TV REVIEW: ‘Game of Thrones’ – ‘The Dragon and the Wolf’

"When the snows fall and the white winds blow, the lone wolf dies, but the pack survives."

| August 28, 2017

Spoiler Warning for the Season 7 Finale of “Game of Thrones,” as well as all episodes of previous seasons.

Lena Headey as Cersei Lannister and Nikolaj Coster-Waldau as Jaime Lannister. (Photo credit: HBO)

Here we are…the very last Season Finale of “Game of Thrones” and shit has officially hit the fan. Years of character development, story progression and world-building has culminated into this epic episode of the greatest show on television. Alliances are forged, alliances are broken, siblings team up, siblings betray each other, identities are confirmed and the threat of the Dead becomes more real than ever. This season hasn’t been perfect, but this episode makes up for the problems and perfectly positions itself to deliver a remarkable final six episodes. This is A Song of Ice and Fire and it is absolutely beautiful.

In order to recap and review this episode as coherently as possible, events will be discussed by location rather than in chronological order.

King’s Landing

After the semi-successful journey north of the Wall to capture a wight, Jon and Dany make their way to the capital city to meet with Cersei and attempt to forge a truce. From atop the city gates, Jaime and Bronn watch as the Unsullied and Dothraki forces line up and stand at attention; meanwhile Jon and the collection of advisers follow, allowing for some long-awaited reunions and fascinating conversations, including Tyrion with Bronn and Podrick. We also see Brienne and The Hound together again after their crazy fight at the end of Season 4; the two have a great discussion about Arya and the fact that she doesn’t need protecting. Groups converge in the Dragonpit and there are more reunions, specifically Tyrion and Cersei, but also The Hound and The Mountain. In typical Daenerys fashion, she arrives fashionably late on the back of Drogon, giving Team Cersei their first look at a living dragon. The tension in this scene is palpable and having this many main characters in the same location is absolutely rewarding, but also terrifying.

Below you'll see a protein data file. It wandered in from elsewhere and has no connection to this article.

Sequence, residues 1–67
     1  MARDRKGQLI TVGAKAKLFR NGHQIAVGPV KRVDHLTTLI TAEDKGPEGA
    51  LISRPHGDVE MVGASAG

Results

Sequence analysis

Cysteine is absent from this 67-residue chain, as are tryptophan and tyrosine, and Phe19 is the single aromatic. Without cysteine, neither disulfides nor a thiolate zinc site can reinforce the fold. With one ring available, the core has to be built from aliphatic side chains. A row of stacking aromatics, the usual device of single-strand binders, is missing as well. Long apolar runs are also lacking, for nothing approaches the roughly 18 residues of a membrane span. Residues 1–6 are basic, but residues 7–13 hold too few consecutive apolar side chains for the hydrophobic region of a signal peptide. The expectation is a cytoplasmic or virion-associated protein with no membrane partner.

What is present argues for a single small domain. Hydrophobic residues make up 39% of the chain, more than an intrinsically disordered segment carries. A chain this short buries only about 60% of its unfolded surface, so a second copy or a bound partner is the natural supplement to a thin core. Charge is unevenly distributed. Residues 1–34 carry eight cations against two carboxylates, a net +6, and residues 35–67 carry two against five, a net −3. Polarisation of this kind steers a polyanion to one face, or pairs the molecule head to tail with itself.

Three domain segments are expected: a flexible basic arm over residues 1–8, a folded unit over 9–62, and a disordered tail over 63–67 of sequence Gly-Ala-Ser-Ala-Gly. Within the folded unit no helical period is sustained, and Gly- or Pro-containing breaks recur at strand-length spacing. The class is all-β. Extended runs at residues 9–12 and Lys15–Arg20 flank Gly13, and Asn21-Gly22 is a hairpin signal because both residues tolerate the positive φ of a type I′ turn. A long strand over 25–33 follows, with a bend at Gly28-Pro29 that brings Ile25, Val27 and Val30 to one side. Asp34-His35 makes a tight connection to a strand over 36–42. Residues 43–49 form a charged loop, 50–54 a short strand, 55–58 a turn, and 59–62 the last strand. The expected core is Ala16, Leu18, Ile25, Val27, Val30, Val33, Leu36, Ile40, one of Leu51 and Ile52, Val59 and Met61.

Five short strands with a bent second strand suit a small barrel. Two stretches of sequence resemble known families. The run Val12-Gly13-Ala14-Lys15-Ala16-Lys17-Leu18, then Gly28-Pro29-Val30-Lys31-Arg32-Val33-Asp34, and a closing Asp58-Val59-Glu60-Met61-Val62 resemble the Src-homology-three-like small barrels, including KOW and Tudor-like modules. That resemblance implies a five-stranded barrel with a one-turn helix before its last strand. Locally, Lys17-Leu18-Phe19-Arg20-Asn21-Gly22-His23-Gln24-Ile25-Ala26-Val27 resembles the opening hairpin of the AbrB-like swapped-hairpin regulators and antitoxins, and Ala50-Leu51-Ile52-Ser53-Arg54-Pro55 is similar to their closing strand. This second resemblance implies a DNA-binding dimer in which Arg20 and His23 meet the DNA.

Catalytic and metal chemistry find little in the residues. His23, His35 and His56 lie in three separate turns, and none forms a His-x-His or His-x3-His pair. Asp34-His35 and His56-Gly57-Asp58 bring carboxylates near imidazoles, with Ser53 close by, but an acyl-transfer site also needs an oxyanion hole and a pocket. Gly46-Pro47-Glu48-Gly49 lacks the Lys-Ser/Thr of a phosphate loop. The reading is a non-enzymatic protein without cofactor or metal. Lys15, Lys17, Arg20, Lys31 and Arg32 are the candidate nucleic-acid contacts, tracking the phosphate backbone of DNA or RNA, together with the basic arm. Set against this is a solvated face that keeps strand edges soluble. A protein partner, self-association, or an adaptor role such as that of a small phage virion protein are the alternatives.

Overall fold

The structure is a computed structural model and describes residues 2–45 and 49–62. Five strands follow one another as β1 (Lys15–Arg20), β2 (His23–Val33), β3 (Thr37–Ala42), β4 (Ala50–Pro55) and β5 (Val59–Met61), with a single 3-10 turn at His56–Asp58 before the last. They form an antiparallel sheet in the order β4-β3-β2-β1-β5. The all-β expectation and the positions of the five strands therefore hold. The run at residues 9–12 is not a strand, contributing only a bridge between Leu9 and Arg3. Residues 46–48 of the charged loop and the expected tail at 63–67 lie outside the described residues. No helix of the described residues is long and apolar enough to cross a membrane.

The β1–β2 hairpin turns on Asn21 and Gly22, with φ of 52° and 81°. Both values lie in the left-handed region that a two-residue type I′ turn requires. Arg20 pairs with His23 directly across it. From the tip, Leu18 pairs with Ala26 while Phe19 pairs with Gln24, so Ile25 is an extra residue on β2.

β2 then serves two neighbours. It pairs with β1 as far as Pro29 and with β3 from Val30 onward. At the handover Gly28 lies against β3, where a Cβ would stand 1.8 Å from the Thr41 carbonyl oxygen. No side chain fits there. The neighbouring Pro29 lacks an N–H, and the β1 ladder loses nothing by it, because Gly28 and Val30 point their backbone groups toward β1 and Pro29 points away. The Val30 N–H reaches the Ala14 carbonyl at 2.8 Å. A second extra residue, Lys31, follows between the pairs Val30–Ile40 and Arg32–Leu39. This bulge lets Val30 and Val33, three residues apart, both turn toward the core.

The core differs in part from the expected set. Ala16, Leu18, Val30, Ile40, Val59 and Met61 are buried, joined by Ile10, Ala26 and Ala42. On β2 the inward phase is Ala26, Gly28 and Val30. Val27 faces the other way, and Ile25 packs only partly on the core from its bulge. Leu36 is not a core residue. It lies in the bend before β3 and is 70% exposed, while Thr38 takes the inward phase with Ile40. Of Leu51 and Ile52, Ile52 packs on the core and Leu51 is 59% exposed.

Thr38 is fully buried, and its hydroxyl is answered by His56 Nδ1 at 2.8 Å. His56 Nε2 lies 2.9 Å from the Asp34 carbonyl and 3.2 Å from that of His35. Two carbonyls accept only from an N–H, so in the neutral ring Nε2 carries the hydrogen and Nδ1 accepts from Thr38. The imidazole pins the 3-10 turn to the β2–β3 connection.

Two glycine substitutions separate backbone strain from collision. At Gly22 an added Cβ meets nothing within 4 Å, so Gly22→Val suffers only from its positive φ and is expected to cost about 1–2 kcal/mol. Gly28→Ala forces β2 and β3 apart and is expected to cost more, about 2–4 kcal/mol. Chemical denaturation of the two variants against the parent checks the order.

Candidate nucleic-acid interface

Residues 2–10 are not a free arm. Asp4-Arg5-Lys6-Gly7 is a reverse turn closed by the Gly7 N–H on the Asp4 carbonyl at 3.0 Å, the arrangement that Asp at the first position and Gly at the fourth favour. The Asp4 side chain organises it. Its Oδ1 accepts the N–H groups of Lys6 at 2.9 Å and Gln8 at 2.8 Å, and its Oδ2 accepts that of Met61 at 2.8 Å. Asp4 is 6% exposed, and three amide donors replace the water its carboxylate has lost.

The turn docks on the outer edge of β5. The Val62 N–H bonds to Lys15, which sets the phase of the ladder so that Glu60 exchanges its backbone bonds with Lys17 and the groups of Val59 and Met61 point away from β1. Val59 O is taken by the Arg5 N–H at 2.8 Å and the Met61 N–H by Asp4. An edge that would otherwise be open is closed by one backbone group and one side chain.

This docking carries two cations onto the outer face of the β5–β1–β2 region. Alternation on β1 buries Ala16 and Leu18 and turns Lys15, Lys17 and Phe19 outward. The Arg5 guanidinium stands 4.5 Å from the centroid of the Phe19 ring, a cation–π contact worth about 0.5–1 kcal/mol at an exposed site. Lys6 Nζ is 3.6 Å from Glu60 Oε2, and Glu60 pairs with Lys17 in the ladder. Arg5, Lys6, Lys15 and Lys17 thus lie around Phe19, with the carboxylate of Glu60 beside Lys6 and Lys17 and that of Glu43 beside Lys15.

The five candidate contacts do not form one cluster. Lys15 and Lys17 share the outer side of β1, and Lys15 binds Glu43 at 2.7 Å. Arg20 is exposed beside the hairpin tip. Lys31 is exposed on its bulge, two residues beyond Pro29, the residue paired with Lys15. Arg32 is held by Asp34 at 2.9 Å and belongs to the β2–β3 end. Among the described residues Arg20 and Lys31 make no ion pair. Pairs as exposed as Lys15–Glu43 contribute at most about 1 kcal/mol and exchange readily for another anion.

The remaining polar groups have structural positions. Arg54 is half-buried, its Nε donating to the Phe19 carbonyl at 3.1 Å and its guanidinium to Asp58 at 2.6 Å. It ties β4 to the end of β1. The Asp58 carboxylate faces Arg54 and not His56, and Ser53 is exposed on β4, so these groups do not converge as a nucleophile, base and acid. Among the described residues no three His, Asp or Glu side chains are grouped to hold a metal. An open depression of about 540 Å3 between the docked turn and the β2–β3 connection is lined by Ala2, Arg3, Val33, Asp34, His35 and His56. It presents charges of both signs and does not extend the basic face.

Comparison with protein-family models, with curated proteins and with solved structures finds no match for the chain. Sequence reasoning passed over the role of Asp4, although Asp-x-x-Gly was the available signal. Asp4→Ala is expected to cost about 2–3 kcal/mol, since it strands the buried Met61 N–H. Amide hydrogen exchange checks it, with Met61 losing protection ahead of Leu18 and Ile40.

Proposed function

The existence of the White Walkers is something that most people would have a difficult time believing, including Cersei, who writes off the claims as being nothing but a trick. That is until The Hound releases the captured wight, which charges straight for Cersei before it is pulled back by chains; there is a look of utter horror on her face as she realizes that the dead are real and are just as dangerous as she has heard. The Hound slices the wight up to show that they are extremely difficult to fully kill and Jon steps in to demonstrate fire and dragonglass as being the most effective weapons against them. There is a focus on Qyburn as he examines an amputated arm of the wight, obviously fascinated by this creature and its indifference to pain; I get the feeling that Qyburn will play a massive role in either stopping the White Walkers or utilizing them to Cersei’s advantage. The presence of the wight has an effect on everyone, but Euron seems to be deeply disturbed by it and decides to flee with the Iron Fleet back to the Iron Islands, where the dead can’t reach; we know that Euron likes to put on a show and this little performance plays right into Cersei’s greater plan. Seeing Cersei come face to face with a wight is a thrilling moment that I never really expected to see, but with the Army of the Dead marching south, this was bound to happen sooner or later.